In the end, I found that handwriting is a useful starting point for showing prosody in typography. For instance, just as my voice starts to tremble when I am nervous and speaking, so too does my hand tremble when I am nervous and writing.
Supervisory Committee Jan Hadlaw (Supervisor)— York University Department of Design Stéphanie Walsh Matthews — Ryerson University Department of Languages, Literatures and Cultures Richard Hunt — OCAD University Faculty of Design
This project explores the connections between sound and image in a rather tongue-in-cheek way. The installation involves two components: a piece of software and an old slide projector. I wrote the software in the Processing and Supercollider languages—both of which I taught myself for the sake of this work. I stitched these together to control musical synthesizers based on the red, green, and blue colour values of the pixels in an image while generating visualizations based on the image (see attached animation). The visuals were projected onto a screen and accompanied by an old slide projector that I rewired to work as a speaker for the synthesizers to be listened to through.
When freelance writer Erin Charter approached me to help design her new business cards, she already had a pretty strong vision for what she wanted. We sat down and she asked me to design her cards from actual postcards passed down through her family. The idea of writing to someone you consider important is key to how a freelance writer should see their clients and their audiences. Her postcard theme fit that perfectly.
The script typefaces used for her contact information and skills are integral to the card’s theme, but to maintain the feeling of times passed and a certain type of formal elegance (like when people used to get dressed up to fly) I also created a bespoke typographic treatment for her send-off: “Thinking of you.”
Organization University of Waterloo, Food Services
While working as the Communications Designer for the University of Waterloo’s Food Services, I designed posters and content for the digital signs used by thousands of students, staff, and faculty each day to know what activities the school’s restaurants, cafeterias, and an on-campus farmer’s market had going on.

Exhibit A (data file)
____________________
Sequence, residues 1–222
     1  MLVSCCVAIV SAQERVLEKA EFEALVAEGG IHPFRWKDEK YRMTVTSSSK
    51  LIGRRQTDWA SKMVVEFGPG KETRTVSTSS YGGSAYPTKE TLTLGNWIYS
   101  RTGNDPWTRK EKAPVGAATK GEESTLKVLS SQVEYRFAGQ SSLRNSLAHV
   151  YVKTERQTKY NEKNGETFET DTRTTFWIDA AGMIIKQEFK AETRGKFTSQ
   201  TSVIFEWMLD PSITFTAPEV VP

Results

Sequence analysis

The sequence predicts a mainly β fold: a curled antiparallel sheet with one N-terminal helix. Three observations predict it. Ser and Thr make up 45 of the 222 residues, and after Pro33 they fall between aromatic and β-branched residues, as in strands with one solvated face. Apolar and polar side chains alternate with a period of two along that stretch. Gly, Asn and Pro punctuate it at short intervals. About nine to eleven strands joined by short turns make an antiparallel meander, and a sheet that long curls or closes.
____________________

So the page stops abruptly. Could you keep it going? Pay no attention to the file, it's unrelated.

The digital signs I was creating content for ran on a piece of computer software called InfoCaster that I also had a hand in helping create while working as a Quality Assurance Tester with Inscriber Technology (now part of Harris Corporation). My unique combination of skills with Adobe Creative Suite and this specialized content management/digital signage software allowed me to greatly improve the quality of material Food Services used and helped make campus a better looking place.
Project Map to Adult Literacy Programs in York Region
Organization The Metro Toronto Movement for Literacy
Ontario’s York region has over a million residents spanning its more than 1,700 km²—so, the few adult literacy programs there are spread-out and each serve a fairly large geographic region. To help social service providers get an understanding of where the adult literacy options are located for their clients, I created this map and directory, which fits onto a single sheet of paper. Created in Adobe Illustrator and InDesign, I used two resolutions of maps to, at one level, address the large, regional concern of which cities have adult literacy programs, and then in a set of secondary maps, also to provide a close-up look at the specific intersections these services are located at.